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Finding Vector potential due to an infinite cylinder?

  1. Apr 11, 2013 #1
    Hi there,
    2nd year student, absolutely stumped on this don't even know where to begin.

    "Determine the vector potential due to an infinite cylinder of radius, R, carrying a uniform current
    density, j. Use this to describe the magnetic field inside a current carrying wire

    I am using this article
    http://galileo.math.siu.edu/mikesullivan/Courses/251/S12/vpot.pdf
     
  2. jcsd
  3. Apr 11, 2013 #2

    rude man

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    Unfortunately, in your link F is already given & they want you to find the vector potential of F.

    In your problem on the other hand B is not given, it is to be derived from the vector potential: B = del x A where A is the vector potential.

    There is an integral expression for finding A, given the current distribution and the location of the point where A and B are to be determined. What is it?

    Warning: this looks to be a tough problem!
     
  4. Apr 11, 2013 #3

    haruspex

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    That's not how I read the question. It does ask for the vector potential, so the cited paper could be useful. The missing part is that you need to compute the vector field first by some other means.
     
  5. Apr 11, 2013 #4

    rude man

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    I guess we just don't read the same way.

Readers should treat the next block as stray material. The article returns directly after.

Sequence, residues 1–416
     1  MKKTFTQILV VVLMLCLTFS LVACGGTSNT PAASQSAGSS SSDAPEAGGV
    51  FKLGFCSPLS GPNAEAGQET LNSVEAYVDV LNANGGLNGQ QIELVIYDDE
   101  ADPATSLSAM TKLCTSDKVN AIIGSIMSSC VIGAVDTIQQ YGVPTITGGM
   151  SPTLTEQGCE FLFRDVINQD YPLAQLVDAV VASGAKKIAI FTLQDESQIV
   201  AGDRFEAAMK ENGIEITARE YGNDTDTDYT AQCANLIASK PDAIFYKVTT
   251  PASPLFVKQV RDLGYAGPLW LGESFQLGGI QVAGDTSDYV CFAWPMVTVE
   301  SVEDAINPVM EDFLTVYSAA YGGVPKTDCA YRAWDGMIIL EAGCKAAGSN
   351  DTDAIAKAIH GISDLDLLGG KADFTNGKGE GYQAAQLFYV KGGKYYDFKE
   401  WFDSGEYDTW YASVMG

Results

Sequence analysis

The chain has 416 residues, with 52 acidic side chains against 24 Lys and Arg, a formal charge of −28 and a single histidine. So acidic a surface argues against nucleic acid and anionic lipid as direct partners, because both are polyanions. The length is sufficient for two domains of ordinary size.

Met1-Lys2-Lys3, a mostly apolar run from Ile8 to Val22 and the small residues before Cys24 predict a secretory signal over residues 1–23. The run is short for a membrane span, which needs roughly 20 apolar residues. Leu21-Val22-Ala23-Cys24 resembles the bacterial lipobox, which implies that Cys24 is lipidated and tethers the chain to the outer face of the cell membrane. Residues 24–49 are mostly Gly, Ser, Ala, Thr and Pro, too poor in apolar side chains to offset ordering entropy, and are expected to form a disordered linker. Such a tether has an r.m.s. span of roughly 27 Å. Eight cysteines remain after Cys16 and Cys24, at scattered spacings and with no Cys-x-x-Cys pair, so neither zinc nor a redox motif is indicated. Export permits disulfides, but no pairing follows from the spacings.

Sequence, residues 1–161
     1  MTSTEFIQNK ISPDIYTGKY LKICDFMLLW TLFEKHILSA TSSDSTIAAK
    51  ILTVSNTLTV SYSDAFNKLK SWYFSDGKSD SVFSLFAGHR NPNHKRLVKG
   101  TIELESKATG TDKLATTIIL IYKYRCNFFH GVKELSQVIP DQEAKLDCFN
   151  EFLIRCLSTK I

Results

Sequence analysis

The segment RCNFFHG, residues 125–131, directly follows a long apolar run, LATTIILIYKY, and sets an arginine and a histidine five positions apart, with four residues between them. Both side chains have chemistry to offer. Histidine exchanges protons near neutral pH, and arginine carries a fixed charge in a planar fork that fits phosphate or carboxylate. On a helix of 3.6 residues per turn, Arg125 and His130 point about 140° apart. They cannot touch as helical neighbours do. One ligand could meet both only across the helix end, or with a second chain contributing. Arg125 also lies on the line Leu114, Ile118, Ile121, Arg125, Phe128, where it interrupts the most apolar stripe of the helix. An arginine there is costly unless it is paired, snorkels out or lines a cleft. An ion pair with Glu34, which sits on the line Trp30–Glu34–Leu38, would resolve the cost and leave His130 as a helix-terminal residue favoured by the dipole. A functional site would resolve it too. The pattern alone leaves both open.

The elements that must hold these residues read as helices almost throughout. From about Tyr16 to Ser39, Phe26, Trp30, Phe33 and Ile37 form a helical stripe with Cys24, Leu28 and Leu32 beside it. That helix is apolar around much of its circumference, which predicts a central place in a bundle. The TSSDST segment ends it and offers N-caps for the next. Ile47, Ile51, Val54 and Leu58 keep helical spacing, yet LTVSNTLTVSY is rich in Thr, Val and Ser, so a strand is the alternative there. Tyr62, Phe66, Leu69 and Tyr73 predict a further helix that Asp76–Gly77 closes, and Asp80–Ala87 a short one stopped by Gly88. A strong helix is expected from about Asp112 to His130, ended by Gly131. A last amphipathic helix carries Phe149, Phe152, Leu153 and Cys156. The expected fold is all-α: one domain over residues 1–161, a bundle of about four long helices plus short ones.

If you can cheat and get B first, which is a piece of cake here obviously, then what would be the point of describing the B field ex post facto using the vector potential?
     
  6. Apr 11, 2013 #5

    haruspex

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    The question does not ask for that to be done. It asks us to find a vector potential (by whatever means).
     
  7. Apr 11, 2013 #6

    rude man

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    Yes, and then use it to describe the B field which you have already found? Ho ho ho.

    I do have to admit, the problem as I read it is prohibitively difficult, so maybe it is just an exercise in redundancy.
     
  8. Apr 12, 2013 #7
    Thanks for your help guys. I couldn't find an answers. Turns out heaps of guys in my class couldn't get it. Do you think this is too advanced for a second year physics degree?
     
  9. Apr 12, 2013 #8

    rude man

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    Here's the thing. If haruspex is right and the only intent is to find the vector potential A with B already known, then you could solve the DE B = del x A, similar to what was in your link.

    However, this is redundant nonsense. The reason A is solved for in the first place is to facilitate solving for B! And as I said, solving for A given the geometry and current density distribution is in this case horribly hard. I mean, very if not too hard even for an advanced e & m course. So to sum up I would say yes, this question is either pointless or impossible to solve.
     
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